When the tinning pickling was preceded by conventional cathode pickling in a sulfuric medium containing 30 g. of sulfuric acid per liter of bath, at ambient temperature, at 14 a./sq.dm. for 1.2 seconds, the A.T.C. value was 0.095 to 0.10 p. a./sq.cm. This example shows that it is not necessary for the tinning pickling to be preceded by conventional pickling.
EXAMPLE l-3 The tinning pickling bath contained 53 g. of phenolsulfonic acid (equivalent to 15 g. of sulfuric acid) and 0.6 g. of stannous tin per liter of bath. The stannous ions were introduced into the bath in the form of excess tinning electrolyte. The bath temperature was C. The current density was l6 a./sq.dm. The time taken by the degreased sheeting to pass through the bath was 1.8 seconds. The sheeting emerging from this bath was lightly tinned (0.8 g. of tin per sq.m.).
The sheeting was subject to the same series of operations as in example I.
It should be noted that in the three foregoing examples, the shine on the tinplate obtained with tinning pickling was clearly better than that of tinplate obtained without tinning pickling.
In FIGS. 1 and 2, the micrographs (enlarged sixteen thousand times) show the appearance of the crystalline FeSn layer on one and the same kind of steel, according to whether or not the tinning pickling here proposed is used.
FIG. I shows the appearance of the alloy layer of the tin plate obtained with conventional cathodic acid pickling, while FIG. 2 shows the appearance of the alloy layer of tinplate obtained with tinning cathodic acid pickling. The distribution of alloy tin in FIG. 1 is 2.5 g./sq.m. and that in FIG. 2 is L9 g./sq.m.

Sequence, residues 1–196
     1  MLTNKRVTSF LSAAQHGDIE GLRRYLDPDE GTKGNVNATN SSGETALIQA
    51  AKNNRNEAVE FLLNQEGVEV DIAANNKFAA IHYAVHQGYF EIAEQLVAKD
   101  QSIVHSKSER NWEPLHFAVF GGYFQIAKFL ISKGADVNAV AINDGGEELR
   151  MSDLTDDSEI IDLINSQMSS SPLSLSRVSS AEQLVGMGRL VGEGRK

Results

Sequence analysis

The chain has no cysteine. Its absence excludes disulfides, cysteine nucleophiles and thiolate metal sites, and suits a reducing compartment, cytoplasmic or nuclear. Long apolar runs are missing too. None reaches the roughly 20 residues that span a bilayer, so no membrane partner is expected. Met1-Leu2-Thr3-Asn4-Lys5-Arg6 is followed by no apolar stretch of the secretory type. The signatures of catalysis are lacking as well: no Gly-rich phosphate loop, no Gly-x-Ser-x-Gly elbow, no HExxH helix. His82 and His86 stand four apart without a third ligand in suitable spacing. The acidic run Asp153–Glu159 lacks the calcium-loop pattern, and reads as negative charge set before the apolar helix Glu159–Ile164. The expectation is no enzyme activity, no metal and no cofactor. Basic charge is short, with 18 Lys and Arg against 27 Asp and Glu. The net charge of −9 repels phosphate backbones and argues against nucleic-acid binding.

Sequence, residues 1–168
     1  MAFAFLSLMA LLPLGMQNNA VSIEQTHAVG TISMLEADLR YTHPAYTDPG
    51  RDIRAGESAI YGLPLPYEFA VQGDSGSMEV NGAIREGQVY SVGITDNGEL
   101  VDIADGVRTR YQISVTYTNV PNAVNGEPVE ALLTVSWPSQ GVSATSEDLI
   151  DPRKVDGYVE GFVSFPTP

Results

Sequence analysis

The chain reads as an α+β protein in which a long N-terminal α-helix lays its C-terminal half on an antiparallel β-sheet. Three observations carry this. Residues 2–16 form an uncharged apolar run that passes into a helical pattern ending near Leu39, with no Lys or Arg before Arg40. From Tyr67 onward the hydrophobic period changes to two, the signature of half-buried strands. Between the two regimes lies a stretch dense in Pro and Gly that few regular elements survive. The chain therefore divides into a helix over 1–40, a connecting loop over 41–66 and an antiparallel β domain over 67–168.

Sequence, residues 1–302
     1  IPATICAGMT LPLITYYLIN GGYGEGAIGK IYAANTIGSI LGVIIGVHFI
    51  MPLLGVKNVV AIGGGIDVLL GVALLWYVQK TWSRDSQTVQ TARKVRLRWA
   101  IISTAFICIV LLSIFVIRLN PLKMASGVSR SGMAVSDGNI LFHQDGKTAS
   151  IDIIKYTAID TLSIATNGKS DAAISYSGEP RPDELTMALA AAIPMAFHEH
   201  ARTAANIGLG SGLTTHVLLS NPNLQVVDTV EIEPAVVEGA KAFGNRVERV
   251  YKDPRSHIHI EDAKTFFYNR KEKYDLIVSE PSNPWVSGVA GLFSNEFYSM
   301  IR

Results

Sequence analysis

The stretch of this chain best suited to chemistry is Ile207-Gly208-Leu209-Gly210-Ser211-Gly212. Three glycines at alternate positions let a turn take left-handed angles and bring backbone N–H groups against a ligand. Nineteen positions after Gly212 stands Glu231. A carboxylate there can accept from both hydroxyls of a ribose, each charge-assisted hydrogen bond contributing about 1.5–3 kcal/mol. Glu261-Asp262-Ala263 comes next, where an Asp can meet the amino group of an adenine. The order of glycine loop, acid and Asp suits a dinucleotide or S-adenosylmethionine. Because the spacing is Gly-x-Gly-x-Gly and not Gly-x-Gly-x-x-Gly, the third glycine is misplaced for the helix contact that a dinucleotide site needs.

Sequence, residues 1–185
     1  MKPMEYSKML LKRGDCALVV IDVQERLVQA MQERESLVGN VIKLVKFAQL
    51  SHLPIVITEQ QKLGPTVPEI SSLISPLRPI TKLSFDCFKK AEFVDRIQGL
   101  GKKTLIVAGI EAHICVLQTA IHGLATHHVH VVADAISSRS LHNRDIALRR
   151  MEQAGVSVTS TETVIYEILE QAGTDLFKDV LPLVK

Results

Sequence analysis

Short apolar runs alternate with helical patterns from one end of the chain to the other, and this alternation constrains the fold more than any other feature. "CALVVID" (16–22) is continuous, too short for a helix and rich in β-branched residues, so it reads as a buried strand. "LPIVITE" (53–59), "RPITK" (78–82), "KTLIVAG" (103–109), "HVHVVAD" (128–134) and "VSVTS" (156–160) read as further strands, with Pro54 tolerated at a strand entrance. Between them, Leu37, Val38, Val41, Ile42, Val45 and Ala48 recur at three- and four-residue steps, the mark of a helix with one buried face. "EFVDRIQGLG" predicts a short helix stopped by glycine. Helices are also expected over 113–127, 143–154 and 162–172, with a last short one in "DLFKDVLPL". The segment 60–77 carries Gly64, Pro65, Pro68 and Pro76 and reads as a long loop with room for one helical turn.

The operations of degreasing, tinning after pickling, fusion and cooling were identical in both cases. The two drawings clearly show that the tinplate obtained by a method in accordance with the invention has, in general, the advantage, over tinplate of traditional type, of having a distinctly higher grain density. This results in an alloy layer of more compact structure and hence in an appreciably better A.T.C. test value, which is changed from 0.32 a a./sq.cm. (tinplate obtained by conventional method) to 0.08 a./sq.cm. (tinplate obtained by a method in accordance with the invention).
II NICKEL-PLATING PICKLING Solder Tests on the same I.S.T. A.T.C. adhesion steel sheeting 40. Fe A./sq.cm. kgjcm.
With nickle-plating pickling 8 0.10 9 Without nickel-plating pickling 14 0.37 7.5
The improvement in surface shine obtained on tinplate by nickel-plating pickling was less marked than with tinning pickling. The appearance of the alloy coating on the tinplate obtained by this application of the invention is shown in FIG. 3. The proportion of alloy tin in FIG. 3 is 1.8 g./sq.m. and the A.T.C. value 0.10 pa./sq.cm.